(Guest Post by Matthew Ladner)
Back in 2013 Forbes ran a contest between a group of financial services professionals, a group of school children and a cat named Orlando to see who could do the best job investing in stocks. “While the professionals used their decades of investment knowledge and traditional stock-picking methods, the cat selected stocks by throwing his favorite toy mouse on a grid of numbers allocated to different companies.”
Orlando’s victory ought to have come to the surprise of approximately no one. Stock picking chickens began defeating money managers decades ago. Recently the Wall Street Journal ran a long article demonstrating that the mutual funds rated five stars by the Morningstar service rarely hold on to that rating for very long.
So other than the obvious (buy index funds rather than pay for “expert” advice) what does this have to tell us about a panel of experts donning their lab coats in order to predict which schools will either perform well or flounder?
Things get even more complex with regards to schools when compared to stocks. Stocks have a very straightforward metric of value- a price. A well-meaning panel of school experts lacks a comparable metric, with enrollment trend and wait lists being the closest available analogies to prices. Such panels tend to rely on test scores, but past test scores may not only fail to predict future test scores, K-12 test scores often fail to predict future success in life.
Alas Newt the Alien apocalypse survivor died in a really unwatchable sequel, but Orlando the Cat might be available to make life and death decisions for New Orleans charter schools. Apparently, just as with finance, panels of “experts” are not to be trusted with this task. Even if such metrics did predict future test score growth, we ought not to feel overly assured as the relationship between K-12 test scores and future success seems somewhere on the weak to tenuous spectrum in the currently available research literature.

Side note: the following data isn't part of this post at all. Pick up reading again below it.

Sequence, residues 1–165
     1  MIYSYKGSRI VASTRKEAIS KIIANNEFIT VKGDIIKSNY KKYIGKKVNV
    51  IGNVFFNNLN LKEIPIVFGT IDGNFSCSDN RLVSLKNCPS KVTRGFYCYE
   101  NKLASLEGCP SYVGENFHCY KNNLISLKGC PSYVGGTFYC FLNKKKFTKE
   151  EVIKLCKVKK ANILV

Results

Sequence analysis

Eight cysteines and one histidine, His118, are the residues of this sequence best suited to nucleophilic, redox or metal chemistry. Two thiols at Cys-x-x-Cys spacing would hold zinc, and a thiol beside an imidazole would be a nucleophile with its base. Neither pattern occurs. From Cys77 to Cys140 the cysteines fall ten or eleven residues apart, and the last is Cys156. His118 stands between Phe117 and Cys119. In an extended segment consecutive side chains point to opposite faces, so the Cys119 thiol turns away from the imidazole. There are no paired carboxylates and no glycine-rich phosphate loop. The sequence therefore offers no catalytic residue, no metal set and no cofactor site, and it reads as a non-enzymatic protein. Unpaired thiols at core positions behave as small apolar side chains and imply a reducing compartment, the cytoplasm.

Now if you don’t like the idea of a cat dropping a toy mouse on a numbered grid to decide which charter schools get approved and which close, we might decide to leave this task primarily to the collective judgments of parents. We’ve been earnestly assured that we can’t do such a thing because it didn’t work out in Cleveland or in X, but given the complete inability of humans to forecast the future, expert panels doesn’t have much of a chance to add value anywhere over the long run.
Rather than flattering itself with the notion that their expertise has prepared someone to exercise technocratic authority properly, the reform movement should spend time investigating the conditions under which bottom-up accountability succeeds and the conditions under which top-down accountability fails. Such an investigation could move the discussion beyond stale polemics such as should the government ever close a school and towards an investigation of the sorts of conditions that lead to success. How many options do parents need before they can effectively take the lead in closing schools?
I’m guessing the answer to this last question requires more than “zoned district school and young urban charters.” Turns out that the howling wind of purifying creative destruction story is a bit much when your only options are your zoned district inner city school and a handful of young inner city charter schools. Here in Arizona zoned district school, suburban district schools, tons of other charters and private school choice seems to be putting down new charters in a mere four years despite the fact that they have a 15 year charter from the state. A large majority of closed charters aren’t lasting long enough to reach a renewal process.
The benefits of such a system as opposed to heavy reliance on a panel of experts or even a cat seem both abundant and apparent.